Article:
I absolutely love being a history and travel blogger, as it allows me to meet individuals I would never get the chance to on an everyday basis. In the past two days, two very special sites have landed themselves on the Ancient Digger Blogroll.
Here's an excerpt from their latest post:
We’ve taken some long bus rides in Africa. We spent eight bumpy hours on a bus from Nairobi to Arusha and another eight from Arusha to Dar Es Salaam.Read more about 1000 Words fr4om Rwanda
The longest so far, though, has been between Kigali, Rwanda and Kampala, Uganda. As usual, we were looking out the window, admiring the crops growing by the side of the road, desperately trying not to think about how we had to pee, and trying not to panic about how fast our bus driver was maneuvering between other buses, cattle, and street vendors hawking roasted corn, bananas, and pineapples on the side of the road.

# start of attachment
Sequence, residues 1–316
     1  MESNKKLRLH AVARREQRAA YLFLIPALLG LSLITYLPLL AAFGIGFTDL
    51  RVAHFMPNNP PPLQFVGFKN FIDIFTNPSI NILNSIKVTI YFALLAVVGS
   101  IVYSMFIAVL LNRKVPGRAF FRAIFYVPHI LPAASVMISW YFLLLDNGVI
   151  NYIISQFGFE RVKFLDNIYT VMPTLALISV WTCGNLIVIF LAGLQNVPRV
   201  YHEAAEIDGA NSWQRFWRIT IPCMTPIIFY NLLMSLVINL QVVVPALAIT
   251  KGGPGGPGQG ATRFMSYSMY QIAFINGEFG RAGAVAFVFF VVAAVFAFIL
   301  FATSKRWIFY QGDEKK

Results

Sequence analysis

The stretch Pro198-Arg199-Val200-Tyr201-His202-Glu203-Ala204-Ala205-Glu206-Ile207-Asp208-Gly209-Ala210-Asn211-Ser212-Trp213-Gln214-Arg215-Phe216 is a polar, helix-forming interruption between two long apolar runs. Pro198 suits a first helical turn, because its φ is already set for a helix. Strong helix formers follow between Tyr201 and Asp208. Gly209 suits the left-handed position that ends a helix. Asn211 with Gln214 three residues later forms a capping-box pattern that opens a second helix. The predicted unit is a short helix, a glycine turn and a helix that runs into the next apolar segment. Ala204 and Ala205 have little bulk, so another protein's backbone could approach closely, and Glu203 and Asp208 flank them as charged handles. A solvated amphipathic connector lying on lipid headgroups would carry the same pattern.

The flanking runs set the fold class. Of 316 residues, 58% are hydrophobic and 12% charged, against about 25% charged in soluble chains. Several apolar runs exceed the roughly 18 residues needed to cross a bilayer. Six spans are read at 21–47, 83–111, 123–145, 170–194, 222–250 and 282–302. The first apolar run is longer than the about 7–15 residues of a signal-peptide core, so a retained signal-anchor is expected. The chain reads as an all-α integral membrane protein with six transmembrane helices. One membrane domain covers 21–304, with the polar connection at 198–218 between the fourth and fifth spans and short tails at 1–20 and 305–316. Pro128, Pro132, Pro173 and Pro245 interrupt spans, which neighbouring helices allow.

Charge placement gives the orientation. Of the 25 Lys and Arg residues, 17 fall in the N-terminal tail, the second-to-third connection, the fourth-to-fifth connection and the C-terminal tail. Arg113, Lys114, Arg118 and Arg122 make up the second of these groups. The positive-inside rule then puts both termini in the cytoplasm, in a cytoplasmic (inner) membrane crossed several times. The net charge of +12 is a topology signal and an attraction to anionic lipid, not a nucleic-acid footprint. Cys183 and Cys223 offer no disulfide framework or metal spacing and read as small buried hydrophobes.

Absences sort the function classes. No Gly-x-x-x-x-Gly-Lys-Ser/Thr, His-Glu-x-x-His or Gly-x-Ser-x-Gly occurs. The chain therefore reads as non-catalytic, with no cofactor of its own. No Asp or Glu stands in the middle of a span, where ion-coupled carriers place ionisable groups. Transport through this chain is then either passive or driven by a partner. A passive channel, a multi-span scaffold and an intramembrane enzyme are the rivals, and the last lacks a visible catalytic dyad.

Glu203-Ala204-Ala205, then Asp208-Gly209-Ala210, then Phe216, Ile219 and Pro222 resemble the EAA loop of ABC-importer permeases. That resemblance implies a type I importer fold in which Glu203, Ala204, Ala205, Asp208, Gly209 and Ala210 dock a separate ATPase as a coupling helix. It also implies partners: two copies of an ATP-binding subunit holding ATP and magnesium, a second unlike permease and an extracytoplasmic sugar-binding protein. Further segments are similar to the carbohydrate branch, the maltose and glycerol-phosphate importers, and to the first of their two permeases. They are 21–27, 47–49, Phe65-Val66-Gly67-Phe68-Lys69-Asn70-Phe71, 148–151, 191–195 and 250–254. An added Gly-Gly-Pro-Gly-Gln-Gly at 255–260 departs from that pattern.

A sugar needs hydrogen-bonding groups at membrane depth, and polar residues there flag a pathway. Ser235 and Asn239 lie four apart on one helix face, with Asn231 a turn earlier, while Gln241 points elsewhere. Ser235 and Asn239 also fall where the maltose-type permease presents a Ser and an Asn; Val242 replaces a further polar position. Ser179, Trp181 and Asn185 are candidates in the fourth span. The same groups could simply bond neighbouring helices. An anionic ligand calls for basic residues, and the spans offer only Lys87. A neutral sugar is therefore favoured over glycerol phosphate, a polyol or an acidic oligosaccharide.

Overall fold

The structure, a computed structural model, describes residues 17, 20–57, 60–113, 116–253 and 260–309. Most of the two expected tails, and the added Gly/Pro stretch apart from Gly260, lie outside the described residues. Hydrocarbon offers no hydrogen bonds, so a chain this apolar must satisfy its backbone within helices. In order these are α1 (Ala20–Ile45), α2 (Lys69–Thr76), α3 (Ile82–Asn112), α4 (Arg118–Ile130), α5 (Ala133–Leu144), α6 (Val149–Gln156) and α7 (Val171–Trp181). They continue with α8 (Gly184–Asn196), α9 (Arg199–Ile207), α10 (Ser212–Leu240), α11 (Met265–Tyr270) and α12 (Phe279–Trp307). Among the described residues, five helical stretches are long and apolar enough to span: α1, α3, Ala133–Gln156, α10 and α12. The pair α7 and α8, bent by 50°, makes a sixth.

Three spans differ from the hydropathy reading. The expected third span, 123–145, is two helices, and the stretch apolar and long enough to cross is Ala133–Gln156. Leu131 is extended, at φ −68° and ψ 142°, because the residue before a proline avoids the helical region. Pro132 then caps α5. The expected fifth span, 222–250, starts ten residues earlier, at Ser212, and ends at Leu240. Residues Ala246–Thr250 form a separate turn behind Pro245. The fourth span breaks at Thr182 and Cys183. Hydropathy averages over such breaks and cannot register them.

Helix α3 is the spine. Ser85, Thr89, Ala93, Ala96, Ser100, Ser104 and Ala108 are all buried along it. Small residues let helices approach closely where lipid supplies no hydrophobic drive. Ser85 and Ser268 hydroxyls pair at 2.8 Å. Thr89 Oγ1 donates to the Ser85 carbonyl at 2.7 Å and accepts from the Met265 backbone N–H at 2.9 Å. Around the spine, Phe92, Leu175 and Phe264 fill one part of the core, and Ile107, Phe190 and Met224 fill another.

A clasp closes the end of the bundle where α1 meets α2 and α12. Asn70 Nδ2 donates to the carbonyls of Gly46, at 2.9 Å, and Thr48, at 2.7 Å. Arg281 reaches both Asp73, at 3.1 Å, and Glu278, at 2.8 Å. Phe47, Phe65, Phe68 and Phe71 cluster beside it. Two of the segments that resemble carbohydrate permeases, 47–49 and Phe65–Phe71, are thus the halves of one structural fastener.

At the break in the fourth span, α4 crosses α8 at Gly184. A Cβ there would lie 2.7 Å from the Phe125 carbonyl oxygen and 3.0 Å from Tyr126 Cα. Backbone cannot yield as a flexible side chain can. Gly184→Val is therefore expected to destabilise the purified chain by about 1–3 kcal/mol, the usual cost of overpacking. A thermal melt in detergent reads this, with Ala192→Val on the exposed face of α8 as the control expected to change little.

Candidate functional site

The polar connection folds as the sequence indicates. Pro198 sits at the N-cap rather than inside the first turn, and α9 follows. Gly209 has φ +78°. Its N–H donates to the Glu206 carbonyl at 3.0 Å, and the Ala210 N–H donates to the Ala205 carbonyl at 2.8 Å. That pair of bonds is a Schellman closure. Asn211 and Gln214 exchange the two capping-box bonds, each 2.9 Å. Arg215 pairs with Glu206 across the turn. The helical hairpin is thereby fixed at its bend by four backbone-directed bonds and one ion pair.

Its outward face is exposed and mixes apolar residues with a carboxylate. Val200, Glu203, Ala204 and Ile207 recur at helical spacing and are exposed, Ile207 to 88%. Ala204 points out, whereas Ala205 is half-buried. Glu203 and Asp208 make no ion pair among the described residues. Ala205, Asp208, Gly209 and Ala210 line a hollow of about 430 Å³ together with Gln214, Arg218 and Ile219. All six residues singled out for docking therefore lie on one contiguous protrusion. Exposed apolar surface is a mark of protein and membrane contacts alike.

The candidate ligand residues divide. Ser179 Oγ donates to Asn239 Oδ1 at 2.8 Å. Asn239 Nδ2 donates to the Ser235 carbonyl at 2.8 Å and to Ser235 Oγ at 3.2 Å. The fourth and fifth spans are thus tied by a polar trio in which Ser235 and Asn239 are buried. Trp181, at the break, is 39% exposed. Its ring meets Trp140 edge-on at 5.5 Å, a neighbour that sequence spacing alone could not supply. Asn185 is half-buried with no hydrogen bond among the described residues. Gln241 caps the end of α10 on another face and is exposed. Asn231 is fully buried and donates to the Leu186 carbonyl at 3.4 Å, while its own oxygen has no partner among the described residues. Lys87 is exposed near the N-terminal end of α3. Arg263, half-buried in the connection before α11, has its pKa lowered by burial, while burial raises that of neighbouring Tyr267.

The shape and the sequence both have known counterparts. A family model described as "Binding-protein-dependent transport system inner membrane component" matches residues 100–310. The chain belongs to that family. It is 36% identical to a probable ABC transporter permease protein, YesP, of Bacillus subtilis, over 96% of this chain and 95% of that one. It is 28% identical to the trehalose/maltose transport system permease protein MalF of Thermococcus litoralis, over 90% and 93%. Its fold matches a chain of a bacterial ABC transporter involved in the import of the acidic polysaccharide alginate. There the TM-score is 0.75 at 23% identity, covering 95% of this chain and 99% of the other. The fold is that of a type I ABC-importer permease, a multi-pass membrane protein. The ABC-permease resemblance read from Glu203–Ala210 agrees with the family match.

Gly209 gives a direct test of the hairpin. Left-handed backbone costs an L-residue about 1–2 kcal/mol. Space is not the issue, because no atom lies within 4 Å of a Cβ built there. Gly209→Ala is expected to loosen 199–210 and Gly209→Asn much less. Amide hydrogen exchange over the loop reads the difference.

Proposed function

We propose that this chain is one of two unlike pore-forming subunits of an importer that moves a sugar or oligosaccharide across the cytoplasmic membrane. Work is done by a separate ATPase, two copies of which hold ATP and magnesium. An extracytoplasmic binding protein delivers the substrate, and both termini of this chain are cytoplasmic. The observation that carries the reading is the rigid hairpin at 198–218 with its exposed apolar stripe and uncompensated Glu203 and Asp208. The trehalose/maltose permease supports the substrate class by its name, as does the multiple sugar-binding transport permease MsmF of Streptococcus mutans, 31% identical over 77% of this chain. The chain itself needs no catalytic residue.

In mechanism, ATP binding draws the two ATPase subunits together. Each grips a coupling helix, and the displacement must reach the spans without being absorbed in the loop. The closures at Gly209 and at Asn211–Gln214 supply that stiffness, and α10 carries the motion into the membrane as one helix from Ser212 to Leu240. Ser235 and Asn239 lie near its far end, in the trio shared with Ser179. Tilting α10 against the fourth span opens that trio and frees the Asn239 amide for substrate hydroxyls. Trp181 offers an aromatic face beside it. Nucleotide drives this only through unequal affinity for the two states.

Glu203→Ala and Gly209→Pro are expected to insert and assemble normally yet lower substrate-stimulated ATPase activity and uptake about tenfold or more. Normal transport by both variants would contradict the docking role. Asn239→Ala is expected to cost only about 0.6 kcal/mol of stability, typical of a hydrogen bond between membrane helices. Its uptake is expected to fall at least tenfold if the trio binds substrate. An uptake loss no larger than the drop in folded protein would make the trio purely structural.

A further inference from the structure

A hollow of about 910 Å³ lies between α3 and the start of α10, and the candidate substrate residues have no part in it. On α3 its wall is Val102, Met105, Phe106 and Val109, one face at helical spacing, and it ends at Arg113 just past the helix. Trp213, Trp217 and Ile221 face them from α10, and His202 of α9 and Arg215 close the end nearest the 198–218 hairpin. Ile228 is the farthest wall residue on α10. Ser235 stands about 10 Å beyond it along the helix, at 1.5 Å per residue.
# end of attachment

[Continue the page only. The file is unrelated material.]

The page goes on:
Our second new addition is Boatswain and Bateremia . This particular site is run by Jared Wasser and focuses on maritime and naval history,with the added addition of medicine, since Jared is a student of medicine. Together, the two subjects merge to create a fascinating and well written site about the history of maritime medicine.
Here's an excerpt from his latest post:
Rice. One of the most prominent and relied-upon staples, cooked in any variety of dishes the world over, and a vital source of nutrition for millions of people on our planet. I love it; one of my favorite foods that, at times, it seems I just cannot get enough of. However, this seemingly innocuous ellipsoid was, at one point, the source of an illness that ravaged a large portion of the Royal Fleet in the 18th and 19th centuries. One arguably more virulent and more mysterious than that of even the famous scurvy. The disease I speak of is called beriberi; an illness which killed many sailors in the age of sail, and perplexed physicians and surgeons for around a century.Read more about the story of Berberi